• Sally on April 2, 2018 at 9:13 am

      WONDERFUL!! Thanks so much for taking the time to report back, Lydia

  14. Julia Kerr on April 2, 2018 at 1:28 pm

    I finally made this for Easter! I had some meringue weeping issues, but the flavor was right and the curd was spectacular! Thank you for the recipe!

  15. Kait on April 5, 2018 at 8:30 am

    I made this for Easter and it was a HUGE HIT AND SO DELICIOUS! Thank you for another great recipe with great pictures, steps, and video!

    • Sally on April 6, 2018 at 1:03 pm

      This makes me to happy to read! Thanks for reporting back!

  16. Fanny on April 6, 2018 at 2:37 am

    Hi Sally, I can’t wait to try this recipe !

    Two questions though :
    – We don’t have cream of tartar in Belgium, can I use vinegar instead ?
    – How many lemons (approx) did you need to yield 1/2 cup of lemon juice ?

    Thank you 🙂

    • Sally on April 6, 2018 at 7:00 am

      Hi Fanny! You can try using 1 teaspoon of vinegar in the meringue instead. You’ll need about 2-3 lemons. Let me know how it turns out!

  17. Violet on May 31, 2018 at 7:30 pm

    Have you considered creating a recipe for key lime meringue pie? Now THAT would be amazing! =)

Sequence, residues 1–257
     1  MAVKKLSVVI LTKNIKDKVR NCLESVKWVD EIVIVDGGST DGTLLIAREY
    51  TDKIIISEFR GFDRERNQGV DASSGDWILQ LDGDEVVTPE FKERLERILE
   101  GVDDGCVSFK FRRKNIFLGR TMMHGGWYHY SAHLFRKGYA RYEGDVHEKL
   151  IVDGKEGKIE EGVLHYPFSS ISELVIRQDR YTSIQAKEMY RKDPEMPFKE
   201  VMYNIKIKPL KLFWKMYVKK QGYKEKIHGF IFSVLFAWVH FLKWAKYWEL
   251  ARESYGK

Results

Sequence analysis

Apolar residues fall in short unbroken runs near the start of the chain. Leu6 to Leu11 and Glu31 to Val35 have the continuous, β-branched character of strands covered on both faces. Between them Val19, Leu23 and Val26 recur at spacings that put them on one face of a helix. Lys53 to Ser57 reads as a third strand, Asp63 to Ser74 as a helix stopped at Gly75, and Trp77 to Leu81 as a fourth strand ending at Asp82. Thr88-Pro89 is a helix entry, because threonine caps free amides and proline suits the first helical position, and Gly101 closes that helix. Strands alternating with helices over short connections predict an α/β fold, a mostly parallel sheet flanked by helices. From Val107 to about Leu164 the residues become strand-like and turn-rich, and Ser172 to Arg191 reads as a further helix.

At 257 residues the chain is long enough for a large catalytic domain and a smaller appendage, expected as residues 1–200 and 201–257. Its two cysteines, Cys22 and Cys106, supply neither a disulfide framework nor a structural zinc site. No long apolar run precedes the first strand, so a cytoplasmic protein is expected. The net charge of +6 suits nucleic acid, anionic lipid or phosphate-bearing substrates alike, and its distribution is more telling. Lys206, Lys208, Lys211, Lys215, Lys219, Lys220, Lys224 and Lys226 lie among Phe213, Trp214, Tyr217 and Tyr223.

• Sally on May 31, 2018 at 9:17 pm

      Sounds so good! In the meantime, you should take a look at my key lime pie recipe. I love it. It’s so creamy!

  18. Brenda Landa on August 23, 2018 at 5:41 pm

    Hello Sally,

    Thank you so much for all of your awesome recipes! This is the first pie I have ever baked so I am so excited to see the end result! So far it looks beautiful!! The only thing is that you say to bake it for 25-30 min, but my meringue was completely browned after 10 minutes in my 350F oven. Do you think it will be okay? Thank you again!!

    • Sally on August 27, 2018 at 11:54 am

      Hi Brenda! Your meringue browned very quickly! If you decide to try the pie again, I would lower the oven rack as well as the oven temperature down 25 degrees F. How did the pie taste?

  19. Matthew on September 3, 2018 at 5:18 am

    Just made this now and its cooling. The pie crust turned out perfectly and is delicious! My meringue was brown after about 15 minutes, so I took it out early. Does the inside have to reach a certain temperature or harden up?

    • Sally on September 3, 2018 at 10:22 am

      Hi Matthew, the inside of the meringue shouldn’t harden up. 15 minutes is pretty quick. How did it taste? If you decide to try it again, lower the oven temperature so you can cook it for longer.